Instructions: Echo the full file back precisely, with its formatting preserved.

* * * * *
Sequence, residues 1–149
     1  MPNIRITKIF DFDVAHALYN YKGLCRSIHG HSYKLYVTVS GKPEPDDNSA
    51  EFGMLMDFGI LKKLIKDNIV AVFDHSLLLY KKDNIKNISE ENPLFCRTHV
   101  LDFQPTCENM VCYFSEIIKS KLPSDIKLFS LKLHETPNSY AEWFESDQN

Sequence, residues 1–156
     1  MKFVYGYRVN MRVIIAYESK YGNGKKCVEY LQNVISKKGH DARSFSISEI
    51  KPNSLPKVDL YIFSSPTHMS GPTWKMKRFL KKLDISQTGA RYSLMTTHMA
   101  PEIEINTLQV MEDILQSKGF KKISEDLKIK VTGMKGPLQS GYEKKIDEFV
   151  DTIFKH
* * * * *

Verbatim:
Sequence, residues 1–149
     1  MPNIRITKIF DFDVAHALYN YKGLCRSIHG HSYKLYVTVS GKPEPDDNSA
    51  EFGMLMDFGI LKKLIKDNIV AVFDHSLLLY KKDNIKNISE ENPLFCRTHV
   101  LDFQPTCENM VCYFSEIIKS KLPSDIKLFS LKLHETPNSY AEWFESDQN

Sequence, residues 1–156
     1  MKFVYGYRVN MRVIIAYESK YGNGKKCVEY LQNVISKKGH DARSFSISEI
    51  KPNSLPKVDL YIFSSPTHMS GPTWKMKRFL KKLDISQTGA RYSLMTTHMA
   101  PEIEINTLQV MEDILQSKGF KKISEDLKIK VTGMKGPLQS GYEKKIDEFV
   151  DTIFKH